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Train to Spectacular Big Water


Waterfalls, National Park

Something about it reminded me of Disneyland, even though I was in Argentina. It might have been the wide pink-clay colored sidewalk that guided me strategically past the souvenir shop as I headed for the train station. Or, the picture map I received from the smiling greeter.


However, I was not here to see Mickey Mouse. I was in Argentina’s Iguazu Falls National Park and the main attraction were not roller coasters, but rushing water. Alvar Nunez Cabeza de Vaca of Spain discovered the falls in 1542 and named them the “Santa Maria Falls.” However, the name was ignored in favor of the more popular name of Iquazu Falls used by the Guarani, the native people of the area. The Guarani name was simple. In the Guarani language “I” means water and “guazu” means big, hence "big water." Comprised of 275 falls along 2.7 km of the Iquazu River, Iguazu Falls is indeed big water.


And. the small train station conveniently located next to a snack bar with a cute sign announcing that the next train would be at 10:00 a.m. led me to believe this was going to be like a BIG WATER amusement park. The open-air train with park bench seats arrived with a sounding of bells. I boarded the train to the last stop, Garganta station or the gateway to Devil’s Throat. The train played a pre-recorded audio of safety precautions, general park information and advertisements of half-price admission for the second day. (A second day is not a bad idea since the park has so many trails to explore.)


The train is named the “Tren Ecologico de Selva” and translates as the Green Train of the Jungle. This ecological train runs on natural gas and was installed to prevent the excessive circulation of pollution producing vehicles in the park. To minimize collisions with animals, the train never exceeds 20 km/h.


The train arrived with a loud "Ding!" We had reached Garganta station. I got off and was greeted by a smiling boy of about 17 in the same bright blue polo t-shirt as the greeter; he was selling plastic raincoats. “Your going to get wet near the falls,” he said. I walked past him to the sign that said Devil’s Throat this way.


The “Paseo Garganta del Diablo” is a one kilometer walkway that brings visitors directly to the U-shaped, 150 meter wide Devil’s Throat falls. I walked along the metal grated catwalk through the marshland of the sub-tropical rain forest. The catwalk carried me above muddy waters and past trees, only found in humid regions, as I hear the incessant roar of what can only be a huge waterfall.


Finally, I reached the viewing platform and am staring down into a giant mouth of rushing water. There is so much water spilling over the cliff that a permanent cloud of mists hangs in the air. After only two minutes, my jacket is drenched.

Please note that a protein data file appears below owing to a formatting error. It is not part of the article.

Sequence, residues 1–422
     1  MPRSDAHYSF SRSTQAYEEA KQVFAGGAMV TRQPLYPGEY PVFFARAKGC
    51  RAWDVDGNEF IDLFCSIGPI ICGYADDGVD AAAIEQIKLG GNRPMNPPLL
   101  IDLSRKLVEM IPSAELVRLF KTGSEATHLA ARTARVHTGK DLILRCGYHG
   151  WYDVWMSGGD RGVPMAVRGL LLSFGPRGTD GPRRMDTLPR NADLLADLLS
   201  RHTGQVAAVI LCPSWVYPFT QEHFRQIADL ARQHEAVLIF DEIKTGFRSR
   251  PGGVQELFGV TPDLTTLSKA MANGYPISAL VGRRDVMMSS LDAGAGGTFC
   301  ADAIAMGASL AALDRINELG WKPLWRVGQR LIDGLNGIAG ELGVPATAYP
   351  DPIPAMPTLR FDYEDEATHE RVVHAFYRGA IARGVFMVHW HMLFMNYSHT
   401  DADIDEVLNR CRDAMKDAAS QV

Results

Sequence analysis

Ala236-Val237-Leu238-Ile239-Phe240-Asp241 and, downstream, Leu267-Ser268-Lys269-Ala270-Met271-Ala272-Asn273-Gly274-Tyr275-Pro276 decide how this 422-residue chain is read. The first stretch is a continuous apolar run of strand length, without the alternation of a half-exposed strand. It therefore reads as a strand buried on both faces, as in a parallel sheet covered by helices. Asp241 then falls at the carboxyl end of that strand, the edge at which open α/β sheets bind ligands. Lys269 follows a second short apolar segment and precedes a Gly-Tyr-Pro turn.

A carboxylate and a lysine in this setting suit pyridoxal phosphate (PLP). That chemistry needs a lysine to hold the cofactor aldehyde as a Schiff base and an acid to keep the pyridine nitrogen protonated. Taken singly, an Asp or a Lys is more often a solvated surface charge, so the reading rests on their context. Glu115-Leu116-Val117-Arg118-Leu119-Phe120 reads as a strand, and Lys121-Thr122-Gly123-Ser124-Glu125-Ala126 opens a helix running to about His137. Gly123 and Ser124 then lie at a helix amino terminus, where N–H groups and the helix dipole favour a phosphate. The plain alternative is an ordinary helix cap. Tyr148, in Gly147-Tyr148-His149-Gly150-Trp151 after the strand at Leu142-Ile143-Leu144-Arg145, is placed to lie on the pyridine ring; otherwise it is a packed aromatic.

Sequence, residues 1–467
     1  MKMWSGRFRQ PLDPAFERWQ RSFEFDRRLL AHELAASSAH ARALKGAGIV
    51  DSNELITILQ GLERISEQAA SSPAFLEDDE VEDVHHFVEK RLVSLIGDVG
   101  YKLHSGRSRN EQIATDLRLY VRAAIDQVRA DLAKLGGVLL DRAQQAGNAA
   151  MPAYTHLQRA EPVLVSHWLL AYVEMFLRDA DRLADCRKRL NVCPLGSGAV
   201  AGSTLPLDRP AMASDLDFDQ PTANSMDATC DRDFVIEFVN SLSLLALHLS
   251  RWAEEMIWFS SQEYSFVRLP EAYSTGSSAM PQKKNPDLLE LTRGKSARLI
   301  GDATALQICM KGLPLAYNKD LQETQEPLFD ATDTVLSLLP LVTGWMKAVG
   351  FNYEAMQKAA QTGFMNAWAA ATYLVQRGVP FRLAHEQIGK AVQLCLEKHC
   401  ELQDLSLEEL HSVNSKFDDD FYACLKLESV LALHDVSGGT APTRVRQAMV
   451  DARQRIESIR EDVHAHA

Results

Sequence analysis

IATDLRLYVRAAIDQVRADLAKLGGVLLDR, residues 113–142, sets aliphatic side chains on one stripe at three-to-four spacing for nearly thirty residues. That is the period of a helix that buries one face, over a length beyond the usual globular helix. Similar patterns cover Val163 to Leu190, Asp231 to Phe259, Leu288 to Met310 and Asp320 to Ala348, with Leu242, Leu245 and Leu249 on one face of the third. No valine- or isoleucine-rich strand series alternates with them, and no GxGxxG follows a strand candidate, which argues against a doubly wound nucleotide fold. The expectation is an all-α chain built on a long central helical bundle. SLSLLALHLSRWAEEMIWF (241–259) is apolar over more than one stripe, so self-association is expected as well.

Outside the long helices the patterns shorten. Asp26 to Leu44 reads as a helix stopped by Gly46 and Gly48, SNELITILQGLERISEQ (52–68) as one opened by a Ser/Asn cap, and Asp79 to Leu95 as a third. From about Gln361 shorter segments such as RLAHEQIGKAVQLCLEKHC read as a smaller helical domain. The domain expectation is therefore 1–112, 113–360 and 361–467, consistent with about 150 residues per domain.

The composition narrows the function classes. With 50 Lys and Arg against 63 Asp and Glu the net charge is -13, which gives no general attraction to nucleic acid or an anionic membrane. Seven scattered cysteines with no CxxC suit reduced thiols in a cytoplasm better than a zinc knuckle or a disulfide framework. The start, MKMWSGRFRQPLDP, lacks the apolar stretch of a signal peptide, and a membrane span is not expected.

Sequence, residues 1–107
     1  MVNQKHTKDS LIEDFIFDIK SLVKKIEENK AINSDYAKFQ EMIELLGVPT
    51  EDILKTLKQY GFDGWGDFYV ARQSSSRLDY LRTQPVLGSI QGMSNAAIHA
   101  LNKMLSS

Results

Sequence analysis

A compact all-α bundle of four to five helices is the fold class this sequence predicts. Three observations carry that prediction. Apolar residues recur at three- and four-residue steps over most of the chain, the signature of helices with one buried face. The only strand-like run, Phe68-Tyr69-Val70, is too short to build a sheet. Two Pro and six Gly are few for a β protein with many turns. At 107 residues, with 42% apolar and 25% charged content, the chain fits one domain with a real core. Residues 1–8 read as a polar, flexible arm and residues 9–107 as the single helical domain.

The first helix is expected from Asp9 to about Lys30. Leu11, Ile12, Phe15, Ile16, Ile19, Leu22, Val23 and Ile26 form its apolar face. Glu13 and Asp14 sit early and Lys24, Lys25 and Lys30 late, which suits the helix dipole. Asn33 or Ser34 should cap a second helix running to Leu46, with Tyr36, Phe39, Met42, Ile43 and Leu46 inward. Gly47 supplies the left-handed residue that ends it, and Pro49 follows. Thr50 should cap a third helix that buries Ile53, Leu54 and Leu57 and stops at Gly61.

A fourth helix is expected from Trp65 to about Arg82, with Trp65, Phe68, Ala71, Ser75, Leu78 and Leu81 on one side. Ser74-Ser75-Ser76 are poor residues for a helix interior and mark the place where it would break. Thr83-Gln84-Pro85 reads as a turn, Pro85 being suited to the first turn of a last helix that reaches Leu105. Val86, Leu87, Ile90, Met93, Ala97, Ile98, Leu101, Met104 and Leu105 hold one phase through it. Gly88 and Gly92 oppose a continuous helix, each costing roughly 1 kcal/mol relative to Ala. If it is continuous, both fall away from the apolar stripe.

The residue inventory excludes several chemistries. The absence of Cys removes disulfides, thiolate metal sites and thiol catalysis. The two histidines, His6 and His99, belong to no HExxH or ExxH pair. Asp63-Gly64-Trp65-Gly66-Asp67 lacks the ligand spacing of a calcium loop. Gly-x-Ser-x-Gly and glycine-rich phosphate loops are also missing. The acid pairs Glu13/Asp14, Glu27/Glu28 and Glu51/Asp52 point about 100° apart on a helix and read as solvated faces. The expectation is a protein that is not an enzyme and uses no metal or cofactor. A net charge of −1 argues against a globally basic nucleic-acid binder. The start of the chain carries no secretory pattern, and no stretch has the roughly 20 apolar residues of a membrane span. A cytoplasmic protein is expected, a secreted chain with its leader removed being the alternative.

I returned from where I came from and boarded the Disneyland style choo-choo once again and headed to Cataratas station. I had visited the main attraction first, now it was time to walk the trails. Upon disembarking the train, I was greeted by the obligatory snack bar and a plethora of signs. Each sign directed me to a different trail.


The trails are elevated footbridges and catwalks placed 50 cm. above ground to avoid the erosion from tourist trample. Each trail has a constant width of 1.2 meters and is designed with resting stations and lookouts. I started on the Upper Trail, a 650 meter walk circling the upper lip of the falls. This is the shortest of all the trails and with no stairs, it is completely wheel chair accessible.


The Lower Circuit Trail brings me into the heart of the sub-tropical rain forest to the foot of the falls. In contrast, the Upper Circuit Trail is filled with tree top views and open skies. Both trails are easily walkable and offer different viewpoints of the falls, one from above and one from below.


No good theme park is complete without a hotel. Iguazu National Park has the Hotel Sheraton Internacional Iguazu situated a short walk from Cataratas station. This hotel has a spa, fitness facility, business center and 185 guest rooms, many with views of the waterfalls.


The brochure states that the parks contains 2,000 different plant species, 450 kinds of birds and 80 mammals. While I was there, I saw coatis, an ugly looking lizard, some vibrant butterflies and small black birds that flew into the falls. These small dark haired birds, known as vencejos, are found mainly in this area and are the symbol for Iguazu National Park.


My day was ending and I boarded the Green Train of the Jungle to return to Central Station. There, just like at any good theme park, I had to walk past the souvenir store to proceed to the exit.


Did you like this article? Then you'll like these: Sugar, Dinosaurs In Neuquén, Sailing the Beagle Channel, La Dorita Enfrente, Lavender Farm, Casabindo, Astor Piazzolla: The Man Who Changed Tango, Amauta, La Meilleure école D'espagnol à Buenos Aires!, Iguazú Falls and Ushuaia.

By Sharon Cheung
An avid traveler and freelance travel writer, I have been to 28 countries. My experiences have included working on cruise ships, studying in China...
17 Mar 2008

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